October 5, 2022
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Santa Barbara chamber opposes anti-oil effort Measure P


Proponents of Santa Barbara County’s Measure P, an anti-fracking measure that could also shut down conventional oil and gas production, suffered a setback on Aug. 27 when the largest South Coast chamber of commerce said it opposed the November ballot initiative.

The Santa Barbara Region Chamber of Commerce said that its board voted to “urge its members to vote ‘no’ on Measure P.”

The group said the measure “is written in a way that its likely to mislead voters.” In addition, it said, the measure would prohibit operations that already are legal in the county and have been used for decades.

If passed, the area economy could suffer $291 million in economic losses, the chamber warned, including lost wages and indirect costs. And Santa Barbara County could be forced to reduce public services, the chamber said, if the measure is passed and county taxes go down.

Santa Barbara County cold also face lawsuits, legal costs and liability claims of more than $100 million, the chamber said, if the measure passes and is deemed to be a “taking” by the California courts.
Measure P faces considerable opposition in North Santa Barbara County, where most onshore oil and gas operations are located.

An effort by State Sen. Hannah Beth Jackson to ban onshore to offshore drilling from Vandenberg Air Force Base to tap the Tranquillon Ridge field was stymied in the state senate on Aug. 26, when a bill she sponsored failed to gather enough votes for passage.


  1. Walt Taylor says:

    What Measure P Actually Says
    There has been a lot of statements in the press recently saying that measure P will shut down all local oil production. Many voters have not read Measure P so I am going to quote section 5.c of Measure P: 
       “ The provisions of this Initiative shall not be applicable to any person or entity that has obtained, as of the Effective Date of this initiative, a vested right, pursuant to State law, to conduct a High Intensity Petroleum Operation.”  That means existing operations are not affected by measure P.  Read the text yourself on the VoteYesOnP.org website, read section 5 and see for yourself if existing operations are exempt.
    Why do we see these deceptive statements? Because big money interests want to scare us about losing jobs and tax revenue. Opponents of Measure P know they can’t argue the water use, pollution, or the climate effects. We don’t want the risks of thousands of new wells, please take a stand, and consider that oil is about 1% of our economy and Measure P won’t change that.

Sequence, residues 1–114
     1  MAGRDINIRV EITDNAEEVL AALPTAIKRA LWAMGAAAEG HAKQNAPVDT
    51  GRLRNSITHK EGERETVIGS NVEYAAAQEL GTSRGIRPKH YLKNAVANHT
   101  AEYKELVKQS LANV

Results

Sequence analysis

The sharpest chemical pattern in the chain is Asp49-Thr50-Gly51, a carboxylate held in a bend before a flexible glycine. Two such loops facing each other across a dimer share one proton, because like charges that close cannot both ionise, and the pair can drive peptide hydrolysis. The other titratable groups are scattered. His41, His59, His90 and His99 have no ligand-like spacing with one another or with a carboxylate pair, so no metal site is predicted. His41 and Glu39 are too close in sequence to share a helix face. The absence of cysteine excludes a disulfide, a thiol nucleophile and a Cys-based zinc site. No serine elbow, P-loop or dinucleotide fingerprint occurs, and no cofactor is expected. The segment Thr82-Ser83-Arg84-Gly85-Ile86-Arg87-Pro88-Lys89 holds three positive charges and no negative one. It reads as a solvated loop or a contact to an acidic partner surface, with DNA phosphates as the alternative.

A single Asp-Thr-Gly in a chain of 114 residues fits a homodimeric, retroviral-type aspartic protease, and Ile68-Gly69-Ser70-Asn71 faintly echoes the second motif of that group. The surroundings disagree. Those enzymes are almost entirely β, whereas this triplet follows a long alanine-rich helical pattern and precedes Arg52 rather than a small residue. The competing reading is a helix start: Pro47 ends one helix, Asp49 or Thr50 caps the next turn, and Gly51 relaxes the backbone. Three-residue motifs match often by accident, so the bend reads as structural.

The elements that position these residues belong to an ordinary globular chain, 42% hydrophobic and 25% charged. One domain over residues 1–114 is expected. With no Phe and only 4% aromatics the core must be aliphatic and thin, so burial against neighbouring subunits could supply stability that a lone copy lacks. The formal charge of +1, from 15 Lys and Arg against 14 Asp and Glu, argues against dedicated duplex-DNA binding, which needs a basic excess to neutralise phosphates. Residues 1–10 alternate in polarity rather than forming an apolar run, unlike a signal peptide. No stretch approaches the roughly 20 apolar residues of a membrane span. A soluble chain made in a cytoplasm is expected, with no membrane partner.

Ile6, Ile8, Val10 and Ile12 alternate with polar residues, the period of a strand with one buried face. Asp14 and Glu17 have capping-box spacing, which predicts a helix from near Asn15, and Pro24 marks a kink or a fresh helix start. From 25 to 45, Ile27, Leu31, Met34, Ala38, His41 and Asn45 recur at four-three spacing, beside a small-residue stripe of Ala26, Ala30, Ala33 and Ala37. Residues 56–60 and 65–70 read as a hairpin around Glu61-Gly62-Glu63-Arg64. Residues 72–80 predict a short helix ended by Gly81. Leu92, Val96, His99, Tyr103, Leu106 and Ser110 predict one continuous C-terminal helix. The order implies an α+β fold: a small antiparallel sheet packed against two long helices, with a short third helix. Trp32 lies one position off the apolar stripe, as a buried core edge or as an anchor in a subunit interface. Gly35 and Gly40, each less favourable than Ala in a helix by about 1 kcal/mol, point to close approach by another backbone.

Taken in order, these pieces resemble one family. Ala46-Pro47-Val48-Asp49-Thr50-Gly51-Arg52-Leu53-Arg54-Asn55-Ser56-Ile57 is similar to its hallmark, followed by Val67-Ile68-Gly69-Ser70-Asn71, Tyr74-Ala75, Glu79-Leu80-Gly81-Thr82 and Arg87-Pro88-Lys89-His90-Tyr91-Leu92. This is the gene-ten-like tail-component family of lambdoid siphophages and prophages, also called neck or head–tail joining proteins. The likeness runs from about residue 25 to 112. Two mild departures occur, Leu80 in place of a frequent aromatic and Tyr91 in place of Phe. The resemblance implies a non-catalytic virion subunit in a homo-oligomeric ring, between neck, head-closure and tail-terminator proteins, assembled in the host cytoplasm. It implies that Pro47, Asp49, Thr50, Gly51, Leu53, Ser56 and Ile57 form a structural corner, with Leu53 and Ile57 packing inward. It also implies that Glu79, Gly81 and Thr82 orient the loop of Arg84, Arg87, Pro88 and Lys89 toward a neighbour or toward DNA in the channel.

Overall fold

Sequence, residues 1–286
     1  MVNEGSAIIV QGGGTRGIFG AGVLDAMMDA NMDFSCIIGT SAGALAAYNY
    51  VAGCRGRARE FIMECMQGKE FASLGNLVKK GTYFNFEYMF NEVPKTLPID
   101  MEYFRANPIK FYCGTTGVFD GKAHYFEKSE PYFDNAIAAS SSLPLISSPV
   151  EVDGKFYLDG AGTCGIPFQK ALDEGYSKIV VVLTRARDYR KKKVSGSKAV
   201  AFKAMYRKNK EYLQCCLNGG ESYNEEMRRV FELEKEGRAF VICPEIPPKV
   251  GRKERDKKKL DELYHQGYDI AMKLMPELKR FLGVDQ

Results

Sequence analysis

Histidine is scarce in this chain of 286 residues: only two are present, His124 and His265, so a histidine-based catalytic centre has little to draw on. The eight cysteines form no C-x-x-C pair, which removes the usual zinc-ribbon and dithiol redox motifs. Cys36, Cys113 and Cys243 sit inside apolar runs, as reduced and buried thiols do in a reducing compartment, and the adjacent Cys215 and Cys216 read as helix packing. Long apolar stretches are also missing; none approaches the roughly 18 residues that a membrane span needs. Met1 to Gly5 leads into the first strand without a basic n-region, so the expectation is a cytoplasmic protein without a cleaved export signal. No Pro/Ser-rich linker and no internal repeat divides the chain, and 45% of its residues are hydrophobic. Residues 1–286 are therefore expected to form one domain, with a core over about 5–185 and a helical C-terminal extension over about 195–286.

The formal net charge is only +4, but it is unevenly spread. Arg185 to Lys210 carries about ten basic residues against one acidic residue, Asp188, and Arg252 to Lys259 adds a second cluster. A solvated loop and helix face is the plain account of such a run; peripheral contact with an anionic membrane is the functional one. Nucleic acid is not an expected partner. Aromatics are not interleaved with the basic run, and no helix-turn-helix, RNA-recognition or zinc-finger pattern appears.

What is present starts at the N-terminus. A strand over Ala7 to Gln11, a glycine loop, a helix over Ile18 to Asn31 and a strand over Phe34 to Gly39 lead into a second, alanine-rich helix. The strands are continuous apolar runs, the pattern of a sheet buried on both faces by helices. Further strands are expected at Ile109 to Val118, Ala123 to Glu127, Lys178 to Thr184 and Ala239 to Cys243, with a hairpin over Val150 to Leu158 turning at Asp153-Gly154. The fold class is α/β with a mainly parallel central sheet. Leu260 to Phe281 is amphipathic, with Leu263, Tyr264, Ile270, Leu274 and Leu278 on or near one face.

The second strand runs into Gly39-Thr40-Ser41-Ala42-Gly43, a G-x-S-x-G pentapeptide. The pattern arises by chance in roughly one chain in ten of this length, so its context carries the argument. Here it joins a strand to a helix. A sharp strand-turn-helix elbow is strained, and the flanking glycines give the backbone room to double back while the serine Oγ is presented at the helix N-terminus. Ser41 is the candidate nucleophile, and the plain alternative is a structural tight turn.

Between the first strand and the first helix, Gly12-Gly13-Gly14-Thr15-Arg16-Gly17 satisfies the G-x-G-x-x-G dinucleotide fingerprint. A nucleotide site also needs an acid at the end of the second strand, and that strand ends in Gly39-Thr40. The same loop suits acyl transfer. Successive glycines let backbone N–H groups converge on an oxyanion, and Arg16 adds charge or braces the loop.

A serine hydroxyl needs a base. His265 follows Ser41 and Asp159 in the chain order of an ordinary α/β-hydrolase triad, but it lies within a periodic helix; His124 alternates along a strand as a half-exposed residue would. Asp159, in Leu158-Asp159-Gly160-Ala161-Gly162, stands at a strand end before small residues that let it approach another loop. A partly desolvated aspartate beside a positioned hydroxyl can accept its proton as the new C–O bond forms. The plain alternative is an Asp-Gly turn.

Santa Barbara County Council Mike Ghizzoni was asked about this. He cited the landmark California Supreme Court case, Avco Community Developers vs. South Coast Regional Commission. He applied the Avco standard to the Measure P and concluded current production will be allowed to continue.
    Statements to the contrary involve twisting words and taking statements out of context by those paid to promote the agenda of the oil and gas industry.

  2. John says:

    Everyone should just google the text of measure P and read section 5 it will be very clear that it does not shut down existing production, quite the opposite. These statements sir. Lee scare tactics to deceive the voters on behalf of the oil and gas industry

    • Andrew says:

      Section 5 does allow the currently permitted oil extraction methods to remain in use, but what it doesn’t take into account is that oil companies have to reapply for new permits every 3 years to keep within changing environmental regulations. Section 5 does not state any right for those applications to be permitted again. In fact, it guarentees that they will not be approved. That’s why it’s deceptive, because so few people know how oil extraction really works. Measure P guarentees shut down of nearly all oil companies in Santa Barbara county within 5 years , and with that shut down the funding to schools, fire departments, and thousands of local businesses go down the drain.

      Measure P in its current form is deceptive and costly. Also consider this: there is no fracking in Santa Barbara county. Fact. If you are worried about the environment, wouldn’t you prefer to have your oil come from the strictest place in environmental regulations? Producing in Santa Barbara county means we use less oil from places where there are zero regulations. Producing here is the safest and most beneficial way of getting oil.